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Survival benefits in mimicry: a quantitative framework

Mikaberidze, A. and Haque, M. (2009) Survival benefits in mimicry: a quantitative framework. Journal of Theoretical Biology, 259 (3). pp. 462-468. ISSN 0022-5193

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To link to this item DOI: 10.1016/j.jtbi.2009.02.024


Mimicry is a resemblance between species that benefits at least one of the species. It is a ubiquitous evolutionary phenomenon particularly common among prey species, in which case the advantage involves better protection from predation. We formulate a mathematical description of mimicry among prey species, to investigate benefits and disadvantages of mimicry. The basic setup involves differential equations for quantities representing predator behavior, namely, the probabilities for attacking prey at the next encounter. Using this framework, we present new quantitative results, and also provide a unified description of a significant fraction of the quantitative mimicry literature. The new results include `temporary' mutualism between prey species, and an optimal density at which the survival benefit is greatest for the mimic. The formalism leads naturally to extensions in several directions, such as the evolution of mimicry, the interplay of mimicry with population dynamics, etc. We demonstrate this extensibility by presenting some explorations on spatiotemporal pattern dynamics.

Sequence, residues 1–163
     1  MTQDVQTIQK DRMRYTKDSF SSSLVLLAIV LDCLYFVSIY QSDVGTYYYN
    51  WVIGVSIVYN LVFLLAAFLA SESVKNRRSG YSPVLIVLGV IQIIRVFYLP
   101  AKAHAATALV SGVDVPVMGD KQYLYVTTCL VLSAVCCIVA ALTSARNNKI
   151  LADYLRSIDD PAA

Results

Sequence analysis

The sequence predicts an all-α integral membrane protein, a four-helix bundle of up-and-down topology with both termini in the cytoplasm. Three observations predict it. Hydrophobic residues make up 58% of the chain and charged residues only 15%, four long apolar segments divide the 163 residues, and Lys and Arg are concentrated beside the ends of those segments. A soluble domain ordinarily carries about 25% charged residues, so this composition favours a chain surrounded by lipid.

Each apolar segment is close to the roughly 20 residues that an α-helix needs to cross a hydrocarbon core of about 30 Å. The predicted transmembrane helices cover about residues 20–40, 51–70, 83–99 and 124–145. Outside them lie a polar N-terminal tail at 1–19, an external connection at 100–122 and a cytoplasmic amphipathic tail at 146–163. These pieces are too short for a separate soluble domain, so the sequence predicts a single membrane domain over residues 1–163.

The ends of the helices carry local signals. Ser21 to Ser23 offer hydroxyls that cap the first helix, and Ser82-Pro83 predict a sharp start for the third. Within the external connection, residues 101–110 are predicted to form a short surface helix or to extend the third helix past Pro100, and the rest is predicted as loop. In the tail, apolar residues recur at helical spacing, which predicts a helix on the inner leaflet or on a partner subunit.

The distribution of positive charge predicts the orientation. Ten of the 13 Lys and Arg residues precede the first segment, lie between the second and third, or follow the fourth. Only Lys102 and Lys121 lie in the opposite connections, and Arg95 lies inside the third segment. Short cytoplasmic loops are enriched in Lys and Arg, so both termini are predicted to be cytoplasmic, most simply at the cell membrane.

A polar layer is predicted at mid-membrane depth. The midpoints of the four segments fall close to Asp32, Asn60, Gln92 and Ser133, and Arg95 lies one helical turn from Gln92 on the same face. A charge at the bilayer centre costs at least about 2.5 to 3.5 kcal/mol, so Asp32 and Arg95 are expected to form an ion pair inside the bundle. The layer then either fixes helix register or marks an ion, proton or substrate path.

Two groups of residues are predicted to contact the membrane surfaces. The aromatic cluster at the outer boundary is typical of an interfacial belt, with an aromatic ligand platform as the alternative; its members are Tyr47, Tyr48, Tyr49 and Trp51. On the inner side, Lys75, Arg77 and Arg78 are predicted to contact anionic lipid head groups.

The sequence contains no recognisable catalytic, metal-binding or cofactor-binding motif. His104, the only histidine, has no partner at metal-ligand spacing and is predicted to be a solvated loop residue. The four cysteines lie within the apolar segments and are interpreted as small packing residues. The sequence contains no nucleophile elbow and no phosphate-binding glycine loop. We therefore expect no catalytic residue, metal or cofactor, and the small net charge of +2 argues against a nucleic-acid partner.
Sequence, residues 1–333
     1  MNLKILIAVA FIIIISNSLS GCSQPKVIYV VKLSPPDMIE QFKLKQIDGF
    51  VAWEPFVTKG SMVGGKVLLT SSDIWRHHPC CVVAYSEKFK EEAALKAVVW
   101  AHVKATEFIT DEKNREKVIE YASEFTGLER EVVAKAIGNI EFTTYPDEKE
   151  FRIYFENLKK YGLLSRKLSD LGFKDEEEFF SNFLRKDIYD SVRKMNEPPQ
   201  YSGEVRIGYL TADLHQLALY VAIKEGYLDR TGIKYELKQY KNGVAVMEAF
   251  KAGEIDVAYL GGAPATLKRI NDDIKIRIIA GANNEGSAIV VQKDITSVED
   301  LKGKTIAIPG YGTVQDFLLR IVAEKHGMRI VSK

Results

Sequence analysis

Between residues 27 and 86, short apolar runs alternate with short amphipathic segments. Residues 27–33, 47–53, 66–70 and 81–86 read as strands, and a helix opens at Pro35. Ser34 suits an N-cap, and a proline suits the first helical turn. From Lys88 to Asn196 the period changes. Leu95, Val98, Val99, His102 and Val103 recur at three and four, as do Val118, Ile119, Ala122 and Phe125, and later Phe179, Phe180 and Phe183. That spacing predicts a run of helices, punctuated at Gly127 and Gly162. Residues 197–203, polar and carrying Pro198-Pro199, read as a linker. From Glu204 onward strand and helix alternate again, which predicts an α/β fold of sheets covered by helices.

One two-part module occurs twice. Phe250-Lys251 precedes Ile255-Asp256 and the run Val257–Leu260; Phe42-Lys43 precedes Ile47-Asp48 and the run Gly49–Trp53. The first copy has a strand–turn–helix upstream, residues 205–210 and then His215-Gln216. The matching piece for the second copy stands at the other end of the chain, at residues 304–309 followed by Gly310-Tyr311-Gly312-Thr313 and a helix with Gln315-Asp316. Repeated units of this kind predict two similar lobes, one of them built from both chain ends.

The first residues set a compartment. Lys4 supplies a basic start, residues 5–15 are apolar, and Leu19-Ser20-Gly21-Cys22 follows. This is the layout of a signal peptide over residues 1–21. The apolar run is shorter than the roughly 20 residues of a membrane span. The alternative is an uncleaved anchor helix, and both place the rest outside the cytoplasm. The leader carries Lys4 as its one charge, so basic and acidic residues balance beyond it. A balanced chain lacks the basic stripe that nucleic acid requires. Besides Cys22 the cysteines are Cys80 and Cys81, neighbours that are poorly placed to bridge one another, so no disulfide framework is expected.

Item Type:Article
Divisions:No Reading authors. Back catalogue items
Life Sciences > School of Agriculture, Policy and Development > Department of Crop Science
ID Code:91225


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